'We're not going anywhere': Cumberland touts 35 years of development
Mar. 5—CUMBERLAND — Leaders from Cobb's most prosperous business district took a victory lap Thursday, celebrating 35 years since the formation of the Cumberland Community Improvement District (CID).
Looking over the region from TKE Elevator's headquarters, a series of talks outlined the progress Cumberland's made in decades past and what's to come.
Speakers pitched Cumberland as one of the most economically diverse areas in metro Atlanta, boasting cultural, recreational, business, and entertainment attractions alike.
"Over the past decade, Cumberland has evolved from a nine-to-five business district to a thriving community and entertainment destination," said Kim Menefee, executive director of the CID.
Part of that expansion of offerings, officials said, is Cumberland's move toward more recreation opportunities and trails like the Cumberland Sweep shuttle and trail system.
"A lot of our residents are hoping to leave their cars behind after they leave work, or on the weekends, and to provide this opportunity to get from all these great places we've discussed today safely on a beautiful path," said Matt Teague of Walton Communities.
Ann Honious, superintendent of the Chattahoochee River National Recreation Area, said the millions of visitors the river sees every year has been a boon for the region.
"I've always liked working with communities that are around national parks because I think we benefit each other," Honious said.
Real estate executives in the area, meanwhile, said they're still navigating how to make commercial office space a viable enterprise in the post-COVID world.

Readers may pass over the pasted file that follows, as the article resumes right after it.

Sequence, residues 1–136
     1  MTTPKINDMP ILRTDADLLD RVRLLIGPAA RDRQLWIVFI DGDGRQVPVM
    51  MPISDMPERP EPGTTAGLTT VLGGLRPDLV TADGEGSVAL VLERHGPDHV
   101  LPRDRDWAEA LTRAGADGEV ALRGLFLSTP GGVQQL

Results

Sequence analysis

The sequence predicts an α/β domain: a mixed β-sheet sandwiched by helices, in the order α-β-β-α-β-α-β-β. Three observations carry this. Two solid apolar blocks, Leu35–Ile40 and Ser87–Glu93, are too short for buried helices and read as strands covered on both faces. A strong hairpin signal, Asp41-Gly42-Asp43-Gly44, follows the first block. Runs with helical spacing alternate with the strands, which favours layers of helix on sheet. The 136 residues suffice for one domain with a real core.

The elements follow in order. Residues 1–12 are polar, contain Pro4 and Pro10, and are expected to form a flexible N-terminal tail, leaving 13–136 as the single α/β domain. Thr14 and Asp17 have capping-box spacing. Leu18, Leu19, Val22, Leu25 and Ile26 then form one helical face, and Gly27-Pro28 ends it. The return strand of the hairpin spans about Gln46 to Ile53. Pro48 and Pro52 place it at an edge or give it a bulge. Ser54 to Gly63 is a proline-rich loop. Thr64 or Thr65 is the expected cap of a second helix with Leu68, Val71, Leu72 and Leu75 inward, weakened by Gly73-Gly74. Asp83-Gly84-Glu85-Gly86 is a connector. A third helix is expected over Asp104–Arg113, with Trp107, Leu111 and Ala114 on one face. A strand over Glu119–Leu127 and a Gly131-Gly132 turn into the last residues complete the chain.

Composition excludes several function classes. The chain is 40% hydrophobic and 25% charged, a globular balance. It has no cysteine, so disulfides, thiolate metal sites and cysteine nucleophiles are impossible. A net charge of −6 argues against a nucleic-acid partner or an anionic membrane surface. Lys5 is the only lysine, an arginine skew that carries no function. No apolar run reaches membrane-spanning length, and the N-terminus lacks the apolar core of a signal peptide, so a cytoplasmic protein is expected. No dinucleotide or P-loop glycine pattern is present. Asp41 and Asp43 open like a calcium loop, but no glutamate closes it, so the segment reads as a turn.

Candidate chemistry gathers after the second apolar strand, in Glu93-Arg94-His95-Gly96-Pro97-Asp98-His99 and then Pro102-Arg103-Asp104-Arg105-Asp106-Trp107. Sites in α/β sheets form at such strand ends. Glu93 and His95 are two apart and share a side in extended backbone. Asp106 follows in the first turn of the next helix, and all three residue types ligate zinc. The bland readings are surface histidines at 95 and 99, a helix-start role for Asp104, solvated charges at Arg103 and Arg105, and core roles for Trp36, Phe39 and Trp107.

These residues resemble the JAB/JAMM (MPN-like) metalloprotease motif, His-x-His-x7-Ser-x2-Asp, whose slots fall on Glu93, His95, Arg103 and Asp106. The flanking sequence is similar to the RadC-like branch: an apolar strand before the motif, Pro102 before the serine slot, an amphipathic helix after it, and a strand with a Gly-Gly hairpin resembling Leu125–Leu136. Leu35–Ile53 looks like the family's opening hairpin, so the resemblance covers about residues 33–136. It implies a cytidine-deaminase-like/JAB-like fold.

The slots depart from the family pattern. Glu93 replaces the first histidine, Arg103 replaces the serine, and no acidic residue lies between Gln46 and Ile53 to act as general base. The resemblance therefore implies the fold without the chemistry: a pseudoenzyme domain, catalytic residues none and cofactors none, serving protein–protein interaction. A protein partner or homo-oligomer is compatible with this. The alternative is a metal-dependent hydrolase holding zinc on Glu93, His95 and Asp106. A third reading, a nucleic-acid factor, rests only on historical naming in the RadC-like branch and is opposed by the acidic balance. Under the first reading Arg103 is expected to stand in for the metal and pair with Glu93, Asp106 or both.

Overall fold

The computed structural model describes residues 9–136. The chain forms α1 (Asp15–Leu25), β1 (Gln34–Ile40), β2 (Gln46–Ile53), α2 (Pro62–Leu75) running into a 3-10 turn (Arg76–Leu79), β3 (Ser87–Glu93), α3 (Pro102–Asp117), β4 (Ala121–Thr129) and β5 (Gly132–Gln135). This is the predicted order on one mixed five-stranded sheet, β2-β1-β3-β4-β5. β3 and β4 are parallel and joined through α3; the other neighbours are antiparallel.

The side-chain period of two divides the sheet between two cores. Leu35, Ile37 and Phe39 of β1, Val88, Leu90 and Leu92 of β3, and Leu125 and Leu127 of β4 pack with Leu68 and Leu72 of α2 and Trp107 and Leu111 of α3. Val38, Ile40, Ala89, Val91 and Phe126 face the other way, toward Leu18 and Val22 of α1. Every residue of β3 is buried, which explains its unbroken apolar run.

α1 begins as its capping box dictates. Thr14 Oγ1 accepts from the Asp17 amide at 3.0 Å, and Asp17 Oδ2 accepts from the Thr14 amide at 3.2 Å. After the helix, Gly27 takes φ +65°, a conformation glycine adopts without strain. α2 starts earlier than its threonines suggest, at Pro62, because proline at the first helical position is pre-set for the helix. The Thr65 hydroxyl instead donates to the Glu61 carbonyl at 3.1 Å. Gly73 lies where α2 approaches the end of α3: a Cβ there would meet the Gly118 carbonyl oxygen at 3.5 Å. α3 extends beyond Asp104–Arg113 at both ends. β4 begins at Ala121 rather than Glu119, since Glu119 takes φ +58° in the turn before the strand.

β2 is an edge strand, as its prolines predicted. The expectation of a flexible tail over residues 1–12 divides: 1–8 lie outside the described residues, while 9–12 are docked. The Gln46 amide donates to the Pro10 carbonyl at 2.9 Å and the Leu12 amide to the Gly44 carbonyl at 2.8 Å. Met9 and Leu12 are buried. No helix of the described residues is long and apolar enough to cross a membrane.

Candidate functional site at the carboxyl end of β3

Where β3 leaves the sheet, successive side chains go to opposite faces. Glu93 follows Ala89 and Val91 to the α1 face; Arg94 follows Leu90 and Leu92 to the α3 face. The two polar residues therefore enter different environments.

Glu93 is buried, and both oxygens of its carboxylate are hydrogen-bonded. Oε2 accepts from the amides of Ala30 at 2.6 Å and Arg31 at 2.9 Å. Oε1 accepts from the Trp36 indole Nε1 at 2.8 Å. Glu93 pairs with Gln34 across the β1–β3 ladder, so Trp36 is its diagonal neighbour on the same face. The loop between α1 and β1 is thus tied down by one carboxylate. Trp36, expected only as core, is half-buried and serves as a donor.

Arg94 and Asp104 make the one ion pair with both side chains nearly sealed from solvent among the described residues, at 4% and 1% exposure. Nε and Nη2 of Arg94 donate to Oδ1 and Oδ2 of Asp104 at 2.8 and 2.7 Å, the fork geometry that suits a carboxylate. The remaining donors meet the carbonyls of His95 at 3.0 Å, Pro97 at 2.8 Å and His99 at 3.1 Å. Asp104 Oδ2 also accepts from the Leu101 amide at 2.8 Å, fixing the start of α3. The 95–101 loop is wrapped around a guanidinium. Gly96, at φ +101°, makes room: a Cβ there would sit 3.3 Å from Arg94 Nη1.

Chad Koenig, an executive with commercial real estate firm Cushman Wakefield, said companies "want to get their people into the office, and so a regular commodity building just doesn't cut it anymore. So they're looking for buildings that have really rich amenities in the building. They're looking for buildings that are walkable."
The push toward offices that offer more than cubicles and board rooms is partially driven by a generational divide, said Nancy Juneau, CEO of Juneau Construction.
"You go to college, you live on campus, and then if you're lucky enough, you might live off campus and you have these amazing amenities. So these kids are believing I need these amenities when I get out into the workforce," she said.
One local case is Truist's relocation of its Buckhead headquarters to The Battery Atlanta. Braves Development Company CEO Mike Plant said employees now want perks like beer gardens and fitness centers within their office complex.
"They made it very clear to us — we have to highly amenitize this office," he said.
Plant added that the Battery finds itself in a strong enough position now that the Braves can be selective in who they invite into their enviable environs. He recalled the first talks with TKE about relocating to the Battery, in which the firm said it planned to bring about 50 employees.
"And I said no, we're not doing that. That doesn't make any sense for us," Plant said. "...We were in a position to say no ... We're not just going to throw a bunch of assets on the table — and no disrespect to my other development friends — we're here for 30 years. We're not going anywhere."